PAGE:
Find out how to take the “work” out of your workouts and start enjoying recreation and fitness programs for the long term!!
So what’s the meaning of the word “workout”? My first thought is that it
contains the word “work”. Now let me ask you a question… When is the last
time you were excited at the thought of “work”?
Now, let’s compare that to other physical activities like sports for example.
When we engage in sports, the saying is that we are “playing” sports — not
“Playing” sounds a lot more exciting than “working” right? The point I am
trying to make here is that “working” out needs to be fun too, and that there
has to be some “play” included in order for it to be considered a long-term
commitment that one can maintain.
The mere fact that it appears like work, makes a fitness routine a short-term
prospective destined for failure (get the reward and get out). As we
know, fitness is anything but short term; if you expect to keep the rewards
This is the paradox of fitness; in order for you to be successful at fitness,
you must continue to repeat mundane tasks. When you discontinue, even for
the shortest of time, the results you achieved evaporate quite quickly. This is
not the best work/reward scenario and is most likely why long-term
adherence to fitness programs is very low.
The solution for you to stick to a fitness program is; to add more play into
your workouts. You can do this by including variety and human connection —
two very basic human needs. Yes, fitness is repetitive work but when you add
in variety and involve other people, it doesn’t seem like work any longer.
I always recommend that my friends practice a sport or a recreational activity along
with a regular fitness routine.
I have far more confidence in these people sticking to a fitness program than the
fitness fanatics who hit the gym 7 days per week.
I fear that those people will burn out quickly and discontinue their fitness program.
There is a problem though, before starting a fitness program, many of my friends were out of
shape and barely had enough confidence to step into a gym.
Due to this, considering playing a sport or some other physically demanding recreation
would have been out of the question for them.
They had too much fear that they wouldn’t be able to perform in a sport or activity like they once had,
or that they didn’t have the physical confidence to consider learning a sport or activity.
For many of my friends, this attitude quickly changed when they started
working out and got into better physical shape. They regained their
confidence to get back into sport and recreation, or found new confidence to
try something new.
The really cool thing about getting in shape is that it allows you, physically and mentally,
to do so many other activities that previously you would be too intimidated to even try.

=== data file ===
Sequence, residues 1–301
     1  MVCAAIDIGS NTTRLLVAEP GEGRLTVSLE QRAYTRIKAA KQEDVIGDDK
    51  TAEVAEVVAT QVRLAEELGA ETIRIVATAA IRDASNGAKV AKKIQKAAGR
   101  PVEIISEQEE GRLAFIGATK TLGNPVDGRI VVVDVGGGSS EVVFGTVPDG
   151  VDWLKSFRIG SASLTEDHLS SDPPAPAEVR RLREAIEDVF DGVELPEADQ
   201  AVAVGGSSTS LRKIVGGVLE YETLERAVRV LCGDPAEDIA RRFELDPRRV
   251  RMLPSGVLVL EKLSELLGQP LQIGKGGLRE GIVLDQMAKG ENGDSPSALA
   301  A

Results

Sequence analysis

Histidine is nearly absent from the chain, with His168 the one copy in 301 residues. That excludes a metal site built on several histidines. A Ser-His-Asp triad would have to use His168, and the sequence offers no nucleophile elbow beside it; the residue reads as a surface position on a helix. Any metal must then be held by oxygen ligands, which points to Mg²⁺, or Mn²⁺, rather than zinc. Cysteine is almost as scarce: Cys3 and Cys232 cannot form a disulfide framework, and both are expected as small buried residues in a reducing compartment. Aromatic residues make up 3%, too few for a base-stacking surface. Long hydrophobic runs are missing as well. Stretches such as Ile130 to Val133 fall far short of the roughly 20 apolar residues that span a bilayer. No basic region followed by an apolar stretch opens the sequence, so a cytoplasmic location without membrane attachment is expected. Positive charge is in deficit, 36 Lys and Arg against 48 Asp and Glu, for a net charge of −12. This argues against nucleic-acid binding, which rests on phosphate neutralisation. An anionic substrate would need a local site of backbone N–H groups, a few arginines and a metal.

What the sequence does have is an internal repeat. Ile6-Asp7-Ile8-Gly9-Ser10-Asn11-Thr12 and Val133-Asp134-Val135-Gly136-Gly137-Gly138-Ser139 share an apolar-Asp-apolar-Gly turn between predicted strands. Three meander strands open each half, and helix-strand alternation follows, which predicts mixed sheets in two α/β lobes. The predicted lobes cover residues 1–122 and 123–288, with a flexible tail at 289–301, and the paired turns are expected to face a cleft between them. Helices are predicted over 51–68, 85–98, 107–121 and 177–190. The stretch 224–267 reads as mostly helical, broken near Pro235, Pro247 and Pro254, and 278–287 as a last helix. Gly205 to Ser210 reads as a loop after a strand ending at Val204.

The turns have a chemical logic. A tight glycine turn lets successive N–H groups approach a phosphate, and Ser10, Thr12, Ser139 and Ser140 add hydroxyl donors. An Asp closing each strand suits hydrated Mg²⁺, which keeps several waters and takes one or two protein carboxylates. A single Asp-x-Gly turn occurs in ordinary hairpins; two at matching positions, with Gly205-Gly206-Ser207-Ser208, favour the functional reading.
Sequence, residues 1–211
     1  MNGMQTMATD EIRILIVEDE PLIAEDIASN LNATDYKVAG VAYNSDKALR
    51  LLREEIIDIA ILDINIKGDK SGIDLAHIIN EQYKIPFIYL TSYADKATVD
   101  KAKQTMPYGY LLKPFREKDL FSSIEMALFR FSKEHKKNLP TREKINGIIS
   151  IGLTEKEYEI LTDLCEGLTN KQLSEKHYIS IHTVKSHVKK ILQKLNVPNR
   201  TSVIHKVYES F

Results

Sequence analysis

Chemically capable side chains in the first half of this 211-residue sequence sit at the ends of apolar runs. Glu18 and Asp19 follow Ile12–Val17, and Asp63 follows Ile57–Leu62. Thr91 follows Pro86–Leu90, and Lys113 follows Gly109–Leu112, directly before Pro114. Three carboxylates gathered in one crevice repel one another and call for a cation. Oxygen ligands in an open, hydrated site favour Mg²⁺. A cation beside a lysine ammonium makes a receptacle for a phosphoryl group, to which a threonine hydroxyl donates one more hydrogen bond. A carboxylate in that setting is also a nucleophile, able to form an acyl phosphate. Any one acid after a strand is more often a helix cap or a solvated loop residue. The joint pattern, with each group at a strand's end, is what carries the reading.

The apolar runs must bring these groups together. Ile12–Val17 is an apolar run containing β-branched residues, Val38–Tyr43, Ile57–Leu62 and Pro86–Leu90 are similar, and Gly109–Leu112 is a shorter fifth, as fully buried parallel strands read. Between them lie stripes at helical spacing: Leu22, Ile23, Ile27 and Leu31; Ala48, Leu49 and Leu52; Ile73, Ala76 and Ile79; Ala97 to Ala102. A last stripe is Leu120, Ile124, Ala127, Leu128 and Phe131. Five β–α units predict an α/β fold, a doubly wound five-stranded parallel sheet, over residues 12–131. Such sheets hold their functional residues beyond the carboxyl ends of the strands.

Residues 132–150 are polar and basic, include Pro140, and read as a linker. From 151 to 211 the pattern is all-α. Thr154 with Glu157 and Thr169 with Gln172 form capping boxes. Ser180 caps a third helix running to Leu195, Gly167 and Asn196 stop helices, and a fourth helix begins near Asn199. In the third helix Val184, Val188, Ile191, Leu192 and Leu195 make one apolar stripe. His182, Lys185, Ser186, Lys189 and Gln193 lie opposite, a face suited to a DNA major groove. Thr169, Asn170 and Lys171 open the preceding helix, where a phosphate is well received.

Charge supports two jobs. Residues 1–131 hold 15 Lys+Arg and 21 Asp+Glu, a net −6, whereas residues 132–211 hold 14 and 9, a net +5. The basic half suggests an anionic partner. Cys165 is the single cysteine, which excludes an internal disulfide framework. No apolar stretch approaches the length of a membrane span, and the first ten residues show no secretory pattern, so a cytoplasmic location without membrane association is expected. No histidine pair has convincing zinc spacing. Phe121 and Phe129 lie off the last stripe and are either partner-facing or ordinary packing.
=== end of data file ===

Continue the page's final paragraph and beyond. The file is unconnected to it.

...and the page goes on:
Or if you did try, you wouldn’t have been able to keep up and therefore probably given up.
For example, a great combination is Yoga and fitness; they are polar
opposites and therefore provide a regular change up to your routine. Dancing
is another high energy and artful activity that is a great add-on to your fitness
The sports and activities are endless and only demand your imagination,
then courage, to consider getting back into them or trying them for the first
time — how exciting!
Throughout my twenties and thirties, when bodybuilding was my focus, I
wouldn’t have even attempted participating in a Yoga class. I tried it for the
first time in my early forties and was first amazed that I could actually get
through the class and second that I actually loved it!
I’ve never been in such a state of bliss after an activity like I felt with Yoga.
The deep relaxation that I experienced, left me feeling as if I was drugged,
but could still drive a motor vehicle! It is also a great gateway into the study
of spirituality and self-awareness, so the benefits are greater than activity
The reason why I was brave enough to attempt Yoga was because I had
trained athletically with personal trainers for a year prior which allowed me to
build up my core strength and flexibility.
Switching my fitness routine, from one of a physique focus to an athletic
focus, was the precursor for opening my mind to trying other programs. You
know Yoga isn’t the most masculine thing an ex-bodybuilder could consider!
Case and point: Your confidence soars when you are in better athletic shape
and you will be more open to trying other athletic activities. Activities that you
would have never had the guts to try in the past.
Fitness will always be work, but you can add some “play” into your active
lifestyle by including activities that are fun, moreover you will stay in the in
the game for life and reap all of the long-term rewards of fitness.
Inspire to Aspire,
Follow Kris Online